Chris Stokel-Walker is a freelance technology and culture journalist and author of "YouTubers: How YouTube Shook Up TV and Created a New Generation of Stars." His work has been published in The New York Times, The Guardian and Wired.

Enterprise

The 911 system is outdated. Updating it to the cloud is risky.

Unlike tech companies, emergency services departments can’t afford to make mistakes when migrating to the cloud. Integrating new software in an industry where there’s no margin for error is risky, and sometimes deadly.

In an industry where seconds can mean the difference between life and death, many public safety departments are hesitant to take risks on new cloud-based technologies.

Illustration: Christopher T. Fong/Protocol

Dialing 911 could be the most important phone call you will ever make. But what happens when the software that’s supposed to deliver that call fails you? It may seem simple, but the technology behind a call for help is complicated, and when it fails, deadly.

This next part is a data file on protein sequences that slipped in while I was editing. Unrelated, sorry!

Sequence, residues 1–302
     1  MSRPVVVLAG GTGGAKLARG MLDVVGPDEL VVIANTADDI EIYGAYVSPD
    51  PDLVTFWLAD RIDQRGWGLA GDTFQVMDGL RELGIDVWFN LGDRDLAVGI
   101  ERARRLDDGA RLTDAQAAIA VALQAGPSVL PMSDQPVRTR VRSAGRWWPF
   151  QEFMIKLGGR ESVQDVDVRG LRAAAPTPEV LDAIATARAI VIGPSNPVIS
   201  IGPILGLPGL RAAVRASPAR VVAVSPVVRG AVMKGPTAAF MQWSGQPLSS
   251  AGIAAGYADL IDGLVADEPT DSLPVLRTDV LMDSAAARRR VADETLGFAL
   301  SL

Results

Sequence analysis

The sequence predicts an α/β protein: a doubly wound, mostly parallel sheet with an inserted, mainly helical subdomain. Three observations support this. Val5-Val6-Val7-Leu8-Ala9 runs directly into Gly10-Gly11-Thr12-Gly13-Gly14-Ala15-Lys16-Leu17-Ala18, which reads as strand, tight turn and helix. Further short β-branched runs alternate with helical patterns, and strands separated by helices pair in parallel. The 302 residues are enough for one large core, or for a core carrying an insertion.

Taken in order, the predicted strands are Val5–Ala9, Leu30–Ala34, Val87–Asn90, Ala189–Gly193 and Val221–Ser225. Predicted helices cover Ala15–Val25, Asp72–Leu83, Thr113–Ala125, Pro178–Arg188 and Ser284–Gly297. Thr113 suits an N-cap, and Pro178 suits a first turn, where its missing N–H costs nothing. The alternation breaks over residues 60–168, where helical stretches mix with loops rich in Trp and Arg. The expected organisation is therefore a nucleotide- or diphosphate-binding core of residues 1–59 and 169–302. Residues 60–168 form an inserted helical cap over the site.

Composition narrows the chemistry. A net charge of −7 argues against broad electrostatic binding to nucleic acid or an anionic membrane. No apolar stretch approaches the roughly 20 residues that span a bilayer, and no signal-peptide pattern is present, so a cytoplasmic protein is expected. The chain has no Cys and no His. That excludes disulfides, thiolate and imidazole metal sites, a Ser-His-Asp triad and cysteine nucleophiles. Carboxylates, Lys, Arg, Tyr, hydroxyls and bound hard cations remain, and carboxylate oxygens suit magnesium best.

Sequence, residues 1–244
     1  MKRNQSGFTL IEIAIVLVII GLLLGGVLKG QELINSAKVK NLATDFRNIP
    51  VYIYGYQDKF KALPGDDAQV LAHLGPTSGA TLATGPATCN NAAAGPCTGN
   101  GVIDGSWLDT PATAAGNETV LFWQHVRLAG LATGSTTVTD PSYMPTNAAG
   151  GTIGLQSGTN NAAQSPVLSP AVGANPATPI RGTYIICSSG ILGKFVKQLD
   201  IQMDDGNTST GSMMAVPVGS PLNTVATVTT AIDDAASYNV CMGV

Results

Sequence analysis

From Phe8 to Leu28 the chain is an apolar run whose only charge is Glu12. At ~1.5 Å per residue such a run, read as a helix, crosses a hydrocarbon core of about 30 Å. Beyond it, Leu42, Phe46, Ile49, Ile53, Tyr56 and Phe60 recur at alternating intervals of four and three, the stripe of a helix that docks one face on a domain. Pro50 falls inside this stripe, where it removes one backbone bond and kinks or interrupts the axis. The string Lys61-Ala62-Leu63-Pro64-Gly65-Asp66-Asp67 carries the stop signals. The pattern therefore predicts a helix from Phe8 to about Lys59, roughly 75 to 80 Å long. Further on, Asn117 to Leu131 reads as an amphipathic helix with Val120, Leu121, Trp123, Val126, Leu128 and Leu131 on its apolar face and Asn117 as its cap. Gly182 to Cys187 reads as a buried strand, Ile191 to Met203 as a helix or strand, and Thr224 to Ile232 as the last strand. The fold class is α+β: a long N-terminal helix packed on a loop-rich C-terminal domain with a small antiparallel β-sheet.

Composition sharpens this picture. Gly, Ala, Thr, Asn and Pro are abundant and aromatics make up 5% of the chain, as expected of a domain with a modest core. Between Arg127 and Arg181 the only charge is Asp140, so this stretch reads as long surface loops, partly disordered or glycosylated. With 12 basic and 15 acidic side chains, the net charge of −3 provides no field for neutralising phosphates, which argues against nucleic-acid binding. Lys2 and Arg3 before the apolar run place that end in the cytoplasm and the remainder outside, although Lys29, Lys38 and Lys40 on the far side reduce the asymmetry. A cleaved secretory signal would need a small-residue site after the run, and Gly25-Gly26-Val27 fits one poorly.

The infrastructure supporting emergency contact centers is one of the most critical assets for any city, town or local government. But just as the pandemic exposed the creaky tech infrastructure that runs local governments, in many cases the technology in those call centers is outdated and hasn’t been touched for decades.

Keep Reading Show less
Aisha Counts

Aisha Counts (@aishacounts) is a reporter at Protocol covering enterprise software. Formerly, she was a management consultant for EY. She's based in Los Angeles and can be reached at acounts@protocol.com.

Entertainment

'The Wilds' is a must-watch guilty pleasure and more weekend recs

Don’t know what to do this weekend? We’ve got you covered.

Our favorite things this week.

Illustration: Protocol

The East Coast is getting a little preview of summer this weekend. If you want to stay indoors and beat the heat, we have a few suggestions this week to keep you entertained, like a new season of Amazon Prime’s guilty-pleasure show, “The Wilds,” a new game from Horizon Worlds that’s fun for everyone and a sneak peek from Adam Mosseri into what Instagram is thinking about Web3.